The term Op Art refers to Optical Art. Op Art followed the Pop Art movement in the 1960s. It was first called "kinetic art" (art which moves) because some of the art actually moved or appeared to move because of the way the designs played tricks on the viewer's vision. Josef Albers and Victor Vasarely are considered the "fathers" of Op Art. However, one of the most effective Op Art illusionists is Bridget Riley. Although Op Art did not last long as a leading movement, its effects were powerful. Its influence on fashion design, textile design, product design, music, and advertising is immeasurable.
Students created their own Op Art by using numerous elements and principles of design, including lines, pattern, movement, and shading (value) to create the illusion that sections are rounded. Students also learned how to create over 10 other optical illusions. Some projects are pictured below!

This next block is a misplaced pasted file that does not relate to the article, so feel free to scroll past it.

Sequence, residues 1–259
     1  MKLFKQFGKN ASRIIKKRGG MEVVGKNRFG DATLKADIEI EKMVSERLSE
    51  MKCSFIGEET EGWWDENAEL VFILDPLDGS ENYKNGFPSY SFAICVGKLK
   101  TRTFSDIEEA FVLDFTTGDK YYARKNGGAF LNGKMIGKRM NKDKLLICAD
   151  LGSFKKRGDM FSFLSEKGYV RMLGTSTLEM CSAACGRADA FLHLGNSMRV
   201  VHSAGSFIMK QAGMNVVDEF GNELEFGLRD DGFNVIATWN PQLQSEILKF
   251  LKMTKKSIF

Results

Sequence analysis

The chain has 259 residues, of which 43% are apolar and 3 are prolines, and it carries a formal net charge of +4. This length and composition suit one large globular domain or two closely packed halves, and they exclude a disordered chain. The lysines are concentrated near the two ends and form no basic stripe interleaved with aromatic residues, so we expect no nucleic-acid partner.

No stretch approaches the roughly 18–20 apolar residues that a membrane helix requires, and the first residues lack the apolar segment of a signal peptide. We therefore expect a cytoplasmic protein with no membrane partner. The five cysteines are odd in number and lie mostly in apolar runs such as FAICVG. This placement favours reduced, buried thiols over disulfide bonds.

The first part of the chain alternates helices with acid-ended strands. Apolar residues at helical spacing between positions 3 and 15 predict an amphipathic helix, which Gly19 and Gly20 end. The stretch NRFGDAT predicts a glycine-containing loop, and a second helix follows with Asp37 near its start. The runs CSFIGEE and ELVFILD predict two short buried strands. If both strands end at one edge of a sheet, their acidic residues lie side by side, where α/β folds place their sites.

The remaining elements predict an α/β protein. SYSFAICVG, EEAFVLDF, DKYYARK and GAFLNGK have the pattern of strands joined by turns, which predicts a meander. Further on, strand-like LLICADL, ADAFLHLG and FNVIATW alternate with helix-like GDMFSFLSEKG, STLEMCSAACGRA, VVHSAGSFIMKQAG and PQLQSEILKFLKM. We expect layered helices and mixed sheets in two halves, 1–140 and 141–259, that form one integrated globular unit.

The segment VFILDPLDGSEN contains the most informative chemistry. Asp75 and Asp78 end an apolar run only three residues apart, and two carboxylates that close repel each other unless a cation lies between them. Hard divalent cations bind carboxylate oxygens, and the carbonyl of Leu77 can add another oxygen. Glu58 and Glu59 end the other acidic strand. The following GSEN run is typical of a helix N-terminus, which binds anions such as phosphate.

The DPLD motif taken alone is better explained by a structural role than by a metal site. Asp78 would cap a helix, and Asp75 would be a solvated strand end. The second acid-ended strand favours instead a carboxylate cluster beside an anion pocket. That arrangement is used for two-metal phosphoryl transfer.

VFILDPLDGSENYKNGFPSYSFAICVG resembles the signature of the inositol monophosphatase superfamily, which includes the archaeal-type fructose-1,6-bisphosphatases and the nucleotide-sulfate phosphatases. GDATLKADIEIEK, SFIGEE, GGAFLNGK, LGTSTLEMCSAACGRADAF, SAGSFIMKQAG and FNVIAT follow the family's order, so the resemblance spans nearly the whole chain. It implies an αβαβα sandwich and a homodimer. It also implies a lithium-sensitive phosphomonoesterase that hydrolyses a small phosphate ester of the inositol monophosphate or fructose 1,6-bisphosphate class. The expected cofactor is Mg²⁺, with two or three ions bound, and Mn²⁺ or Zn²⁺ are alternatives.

Art 2- Art Communicates
Art communicates in many different ways and artists use art as a means of communication. In this project, students used sign language to communicate a particular word to the viewer.
Art 3- Biblical Representation
Students were given the freedom to choose any verse, story, or parable from the Bible as their subject. Students then found a way to represent (or communicate) their chosen Bible verse, story, or parable without using words.
"Coat of Many Colors"